Solving that job was just the start for Gundy. Realising the value of the voluntary prints, he sent a proposal to Police for voluntary fingerprints to be requested more often. “It went to the legal section, and they had it for about six months before we were told it was okay to use the form we had supplied, as long as we got the approval from the parents, guardians or caregivers.”
More jobs began to be solved. “It was like turning on a tap,” he says. “Police could speak to groups of kids hanging around, take them home to their parents who said they didn’t want their sons growing up to be criminals. They were happy to agree to fingerprints being taken, especially if it would clear up any mess they might have gotten into.”
This was the start of the voluntary fingerprint system and, as far as police officers knew, it was legal, and they certainly knew it worked.
In another case, Gundy identified prints taken at the scene of an electrical store burglary, in which $3000 worth of goods were stolen, as belonging to a child of no more than seven years old. “I’d had that on my desk for four years, mounted on a piece of cardboard, before some fingerprints were faxed through from a group of six juveniles in the same area. I dug out the card and it matched one of them. It turned out that what had been happening was that the Mongrel Mob were putting kids through windows to steal.”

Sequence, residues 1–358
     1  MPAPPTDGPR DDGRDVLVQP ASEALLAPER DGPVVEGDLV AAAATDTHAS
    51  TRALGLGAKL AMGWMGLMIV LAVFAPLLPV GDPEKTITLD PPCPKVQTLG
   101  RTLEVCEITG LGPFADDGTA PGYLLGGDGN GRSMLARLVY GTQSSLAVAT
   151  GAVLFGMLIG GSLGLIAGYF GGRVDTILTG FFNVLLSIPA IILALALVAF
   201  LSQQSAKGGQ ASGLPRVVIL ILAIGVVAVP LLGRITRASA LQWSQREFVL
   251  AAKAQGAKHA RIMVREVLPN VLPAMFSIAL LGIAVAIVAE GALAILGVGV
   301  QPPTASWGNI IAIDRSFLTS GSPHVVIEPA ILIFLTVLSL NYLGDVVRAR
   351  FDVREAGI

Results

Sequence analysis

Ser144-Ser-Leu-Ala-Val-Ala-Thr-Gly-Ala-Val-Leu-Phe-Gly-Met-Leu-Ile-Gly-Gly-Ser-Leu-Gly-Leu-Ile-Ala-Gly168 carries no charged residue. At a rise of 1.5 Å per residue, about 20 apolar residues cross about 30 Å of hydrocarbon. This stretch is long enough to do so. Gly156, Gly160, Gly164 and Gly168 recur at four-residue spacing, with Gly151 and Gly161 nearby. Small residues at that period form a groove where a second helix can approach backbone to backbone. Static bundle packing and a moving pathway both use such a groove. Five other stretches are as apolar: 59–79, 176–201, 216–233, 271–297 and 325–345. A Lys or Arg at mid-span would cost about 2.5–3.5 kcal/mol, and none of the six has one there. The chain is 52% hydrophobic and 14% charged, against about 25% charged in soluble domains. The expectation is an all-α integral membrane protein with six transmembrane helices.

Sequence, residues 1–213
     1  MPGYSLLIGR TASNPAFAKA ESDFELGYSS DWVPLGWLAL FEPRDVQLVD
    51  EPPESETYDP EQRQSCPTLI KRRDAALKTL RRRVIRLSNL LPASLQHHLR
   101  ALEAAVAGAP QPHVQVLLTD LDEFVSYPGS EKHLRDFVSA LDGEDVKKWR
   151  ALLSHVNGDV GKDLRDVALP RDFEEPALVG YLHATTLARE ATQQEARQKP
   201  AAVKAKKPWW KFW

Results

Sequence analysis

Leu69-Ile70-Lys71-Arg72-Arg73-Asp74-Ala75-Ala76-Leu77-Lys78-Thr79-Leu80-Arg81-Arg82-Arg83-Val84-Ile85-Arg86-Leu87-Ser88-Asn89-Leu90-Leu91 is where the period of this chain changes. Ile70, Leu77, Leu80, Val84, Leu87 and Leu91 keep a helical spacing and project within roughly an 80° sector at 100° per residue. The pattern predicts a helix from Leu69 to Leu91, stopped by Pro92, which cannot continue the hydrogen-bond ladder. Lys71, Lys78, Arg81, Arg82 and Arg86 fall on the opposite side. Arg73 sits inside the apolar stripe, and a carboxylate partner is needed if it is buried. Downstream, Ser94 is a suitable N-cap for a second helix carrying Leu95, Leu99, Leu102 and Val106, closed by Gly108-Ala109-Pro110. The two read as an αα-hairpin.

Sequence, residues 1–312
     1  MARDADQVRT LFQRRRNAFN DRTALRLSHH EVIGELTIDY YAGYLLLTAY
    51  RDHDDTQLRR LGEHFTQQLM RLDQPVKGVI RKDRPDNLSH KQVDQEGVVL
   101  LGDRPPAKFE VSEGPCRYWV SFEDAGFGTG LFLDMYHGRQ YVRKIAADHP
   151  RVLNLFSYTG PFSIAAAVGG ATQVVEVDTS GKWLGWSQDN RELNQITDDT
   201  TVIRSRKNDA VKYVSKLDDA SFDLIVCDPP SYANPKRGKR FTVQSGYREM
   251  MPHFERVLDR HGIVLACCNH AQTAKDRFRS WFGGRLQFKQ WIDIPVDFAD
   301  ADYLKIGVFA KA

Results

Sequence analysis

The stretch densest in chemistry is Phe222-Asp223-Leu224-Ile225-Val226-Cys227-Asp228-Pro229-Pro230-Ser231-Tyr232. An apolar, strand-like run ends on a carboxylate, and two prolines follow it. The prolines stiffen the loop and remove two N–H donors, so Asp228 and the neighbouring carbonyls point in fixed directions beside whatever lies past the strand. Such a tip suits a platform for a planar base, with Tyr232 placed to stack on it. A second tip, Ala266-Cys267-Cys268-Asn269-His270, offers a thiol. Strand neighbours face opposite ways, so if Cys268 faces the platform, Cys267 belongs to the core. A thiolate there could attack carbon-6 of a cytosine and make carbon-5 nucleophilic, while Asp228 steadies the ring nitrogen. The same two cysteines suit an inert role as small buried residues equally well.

He says the resolution stats using voluntary fingerprints were so good that they were reported weekly to the then police minister George Hawkins.
Meanwhile, in 2022, the cull of Police fingerprint and photo archives continues and the form for consent for voluntary prints has been removed from circulation.